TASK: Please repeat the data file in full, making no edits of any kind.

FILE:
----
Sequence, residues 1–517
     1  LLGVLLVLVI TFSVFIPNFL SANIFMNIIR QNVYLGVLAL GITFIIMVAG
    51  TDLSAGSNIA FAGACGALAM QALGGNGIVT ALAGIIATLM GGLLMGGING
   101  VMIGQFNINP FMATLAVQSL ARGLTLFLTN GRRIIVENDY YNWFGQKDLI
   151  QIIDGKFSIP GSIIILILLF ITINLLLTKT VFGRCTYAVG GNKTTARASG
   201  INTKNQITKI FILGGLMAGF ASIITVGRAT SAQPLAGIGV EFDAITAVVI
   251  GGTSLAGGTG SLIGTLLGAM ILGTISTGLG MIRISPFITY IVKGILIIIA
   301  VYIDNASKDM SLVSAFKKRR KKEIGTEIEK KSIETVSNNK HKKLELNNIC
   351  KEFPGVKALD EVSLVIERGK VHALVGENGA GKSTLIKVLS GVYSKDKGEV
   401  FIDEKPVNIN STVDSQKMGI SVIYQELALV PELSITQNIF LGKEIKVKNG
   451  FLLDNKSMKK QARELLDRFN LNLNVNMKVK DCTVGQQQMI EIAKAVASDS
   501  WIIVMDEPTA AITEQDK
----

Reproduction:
Sequence, residues 1–517
     1  LLGVLLVLVI TFSVFIPNFL SANIFMNIIR QNVYLGVLAL GITFIIMVAG
    51  TDLSAGSNIA FAGACGALAM QALGGNGIVT ALAGIIATLM GGLLMGGING
   101  VMIGQFNINP FMATLAVQSL ARGLTLFLTN GRRIIVENDY YNWFGQKDLI
   151  QIIDGKFSIP GSIIILILLF ITINLLLTKT VFGRCTYAVG GNKTTARASG
   201  INTKNQITKI FILGGLMAGF ASIITVGRAT SAQPLAGIGV EFDAITAVVI
   251  GGTSLAGGTG SLIGTLLGAM ILGTISTGLG MIRISPFITY IVKGILIIIA
   301  VYIDNASKDM SLVSAFKKRR KKEIGTEIEK KSIETVSNNK HKKLELNNIC
   351  KEFPGVKALD EVSLVIERGK VHALVGENGA GKSTLIKVLS GVYSKDKGEV
   401  FIDEKPVNIN STVDSQKMGI SVIYQELALV PELSITQNIF LGKEIKVKNG
   451  FLLDNKSMKK QARELLDRFN LNLNVNMKVK DCTVGQQQMI EIAKAVASDS
   501  WIIVMDEPTA AITEQDK